Renewable energy is one of the cornerstones of a sustainable life and economy. This is also true for agriculture. A new principle directly uses an area twice, the so-called Agro Solar or Agro Photovoltaic stands for the dual use of agricultural land with photovoltaic systems above it.
With the start of 2021, many farmers in Germany and the EU who will be relying more on renewable energies in the future should be pleased. On the first of January 2021, the new Renewable Energy Sources Act (EEG) came into force, after which innovation tenders for agri-photovoltaic or floating, i.e. water-based photovoltaic systems are to be tested. This means that the dual use of such areas by photovoltaic systems above them is to be awarded contracts through tenders. This is necessary because otherwise the costs of installations on agricultural or floating land would be about 20 percent higher than for purely free-standing systems.
This is fundamentally good news for farmers, after all, these tenders allow valuable experience to be gained and the potential for cost reductions to be raised for the future.
The principle of agri- or agro-photovoltaics or solar is logical and at the same time new, or rather only recently realisable. For some years now, solar plant providers or property owners have been coming up with the idea of placing their plants not only on unused areas next to motorways or on the roofs of houses. The dual use of agricultural and solar land alleviates land conflicts and takes nature conservation concerns into account.
Land conflicts? Yes, because pure solar parks are often not allowed to be built, citizens and communities additionally prevent new wind turbines or entire wind farms. Admittedly: It is not particularly beautiful. Conveniently, agricultural land is often out of direct sight of villages. This makes dual use an obvious option.
The advantages are obvious: in addition to generating energy or electricity through the solar system, the arable land can continue to be cultivated. Studies by the Fraunhofer Institute in Freiburg assume a degree of efficiency of 80 percent (ISE). In other words, the agricultural land could be tilled normally and delivered a yield that was 20 percent lower than without a solar system above it.
At first glance, this figure is particularly surprising, since the crops grown receive about 40 percent less light. The cereals, fruit or vegetables planned for cultivation must therefore be well selected and should not have above-average light requirements.
In addition, the spacing of the posts and height of the solar panels could be adjusted to work with large machines. Thus, in autumn, a combine harvester can still pass under the solar panels and potentially harvest sown winter wheat.
In detail, for example, 720 modules on an area of about 3000 square metres would have an average agricultural area yield of 80 percent. Plus the savings from generating one’s own electricity from the solar area – although the financing of the solar area must of course be taken into account. The actual energy gain depends, of course, heavily on the hours of sunshine. However, according to a study conducted by the Freiburg Fraunhofer Institute, the electricity generated can meet the energy needs of the entire agricultural system.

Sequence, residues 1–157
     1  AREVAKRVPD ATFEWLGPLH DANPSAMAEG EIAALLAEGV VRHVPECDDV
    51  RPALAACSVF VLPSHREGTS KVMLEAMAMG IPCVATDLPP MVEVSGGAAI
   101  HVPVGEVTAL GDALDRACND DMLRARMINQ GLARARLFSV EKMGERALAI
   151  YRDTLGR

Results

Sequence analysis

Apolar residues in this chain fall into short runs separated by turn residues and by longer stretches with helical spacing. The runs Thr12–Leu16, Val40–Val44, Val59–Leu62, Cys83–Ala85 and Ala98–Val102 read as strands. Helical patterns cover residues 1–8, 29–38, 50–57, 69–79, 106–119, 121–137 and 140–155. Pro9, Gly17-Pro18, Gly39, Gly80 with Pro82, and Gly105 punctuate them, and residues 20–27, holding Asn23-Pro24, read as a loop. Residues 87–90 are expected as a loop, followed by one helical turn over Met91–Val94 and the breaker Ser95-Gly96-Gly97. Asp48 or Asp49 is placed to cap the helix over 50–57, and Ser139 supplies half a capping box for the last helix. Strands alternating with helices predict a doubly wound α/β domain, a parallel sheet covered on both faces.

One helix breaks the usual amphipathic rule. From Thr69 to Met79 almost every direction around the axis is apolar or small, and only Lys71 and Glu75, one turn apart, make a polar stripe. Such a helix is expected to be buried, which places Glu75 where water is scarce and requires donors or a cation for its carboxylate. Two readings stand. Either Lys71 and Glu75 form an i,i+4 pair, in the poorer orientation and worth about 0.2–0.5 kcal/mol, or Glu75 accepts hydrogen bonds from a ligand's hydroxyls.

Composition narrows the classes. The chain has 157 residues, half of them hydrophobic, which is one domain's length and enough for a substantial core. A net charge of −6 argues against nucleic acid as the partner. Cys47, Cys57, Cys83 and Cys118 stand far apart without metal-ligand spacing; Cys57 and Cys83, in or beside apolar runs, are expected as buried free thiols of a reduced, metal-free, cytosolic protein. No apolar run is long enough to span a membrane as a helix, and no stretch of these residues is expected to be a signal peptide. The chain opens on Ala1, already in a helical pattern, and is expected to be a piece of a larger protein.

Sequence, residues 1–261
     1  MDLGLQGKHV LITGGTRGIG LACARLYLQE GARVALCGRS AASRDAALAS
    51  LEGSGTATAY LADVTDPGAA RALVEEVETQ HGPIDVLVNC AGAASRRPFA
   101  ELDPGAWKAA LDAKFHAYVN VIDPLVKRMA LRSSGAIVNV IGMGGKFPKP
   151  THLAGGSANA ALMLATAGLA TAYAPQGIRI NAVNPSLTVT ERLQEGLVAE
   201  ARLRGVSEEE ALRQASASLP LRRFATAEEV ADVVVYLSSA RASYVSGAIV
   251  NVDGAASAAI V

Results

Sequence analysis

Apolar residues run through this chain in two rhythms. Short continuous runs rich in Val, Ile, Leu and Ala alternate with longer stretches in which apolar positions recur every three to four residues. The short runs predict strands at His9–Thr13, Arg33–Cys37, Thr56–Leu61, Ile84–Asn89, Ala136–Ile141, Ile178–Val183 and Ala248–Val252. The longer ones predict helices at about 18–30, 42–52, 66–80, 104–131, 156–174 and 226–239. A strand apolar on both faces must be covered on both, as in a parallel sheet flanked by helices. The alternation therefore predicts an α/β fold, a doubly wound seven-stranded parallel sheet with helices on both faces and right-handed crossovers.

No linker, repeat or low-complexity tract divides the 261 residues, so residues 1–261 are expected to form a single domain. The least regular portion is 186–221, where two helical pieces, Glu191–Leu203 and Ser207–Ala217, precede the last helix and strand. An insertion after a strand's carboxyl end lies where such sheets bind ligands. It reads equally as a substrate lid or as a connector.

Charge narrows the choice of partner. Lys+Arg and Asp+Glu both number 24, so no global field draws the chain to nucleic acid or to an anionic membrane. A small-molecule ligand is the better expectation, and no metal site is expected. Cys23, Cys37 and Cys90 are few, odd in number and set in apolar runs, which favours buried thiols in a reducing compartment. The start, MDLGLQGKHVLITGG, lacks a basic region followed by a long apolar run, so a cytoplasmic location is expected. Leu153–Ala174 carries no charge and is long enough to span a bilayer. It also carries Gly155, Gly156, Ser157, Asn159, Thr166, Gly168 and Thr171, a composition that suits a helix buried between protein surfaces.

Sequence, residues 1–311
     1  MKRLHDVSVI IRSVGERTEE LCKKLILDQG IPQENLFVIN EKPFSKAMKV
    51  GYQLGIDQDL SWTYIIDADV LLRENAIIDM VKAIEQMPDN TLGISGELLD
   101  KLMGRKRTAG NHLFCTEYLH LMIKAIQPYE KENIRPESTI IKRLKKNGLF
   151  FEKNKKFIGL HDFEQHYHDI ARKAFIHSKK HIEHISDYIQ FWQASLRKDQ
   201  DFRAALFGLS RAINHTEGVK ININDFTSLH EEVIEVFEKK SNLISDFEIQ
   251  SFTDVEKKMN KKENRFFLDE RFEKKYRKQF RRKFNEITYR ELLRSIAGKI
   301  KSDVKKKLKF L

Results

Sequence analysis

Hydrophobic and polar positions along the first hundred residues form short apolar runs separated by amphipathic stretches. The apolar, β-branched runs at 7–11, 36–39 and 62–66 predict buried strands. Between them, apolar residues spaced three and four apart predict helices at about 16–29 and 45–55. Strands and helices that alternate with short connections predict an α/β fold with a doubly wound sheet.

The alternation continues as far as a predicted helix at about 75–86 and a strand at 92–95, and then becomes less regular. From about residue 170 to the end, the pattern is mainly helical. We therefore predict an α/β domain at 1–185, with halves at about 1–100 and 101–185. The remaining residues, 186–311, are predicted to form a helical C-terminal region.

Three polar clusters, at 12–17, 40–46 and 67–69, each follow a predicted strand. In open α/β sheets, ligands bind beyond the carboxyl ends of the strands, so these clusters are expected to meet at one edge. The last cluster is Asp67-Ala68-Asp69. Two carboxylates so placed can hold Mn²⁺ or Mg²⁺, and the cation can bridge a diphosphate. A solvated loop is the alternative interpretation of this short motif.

Against the backdrop of the energy transition and the fundamental need for electricity – for everyday life as well as for the operation of agricultural equipment – there are obviously no negative factors that speak against agro-solar systems.
Nevertheless, there are, because in addition to the extra work for farmers, who have to drive around the posts under the solar system when tending and cultivating or harvesting the field – and this does not simply require more attention, it is precisely the clever and efficient driving around of the posts that requires more time – the legal situation has become clearer, but has still not been finally discussed. At least the support provided by the Renewable Energy Sources Act is a step in the right direction.
The German and European market is not alone in this respect. The principle of agro-solar dual use is particularly interesting and efficient in areas of the world that suffer from above-average solar radiation. For example, in Mali or Gambia. “In the project “APV-MaGa”, a triple land use for rural regions in West Africa is to be investigated and implemented,” writes the Freiburg Fraunhofer Institute. This involves “the cultivation of food, the production of solar power and the collection and storage of rainwater via the installed solar modules. Thus, the previous dual use of agri-photovoltaics is expanded to include water management.”
Furthermore, in addition to classic agricultural areas, there are of course so-called floating areas, i.e. water areas, which could also be covered with solar panels. Dedicated aqua cultures can then be applied here and thus also contribute to a more sustainable and renewable energy system.
by Maximilian Immer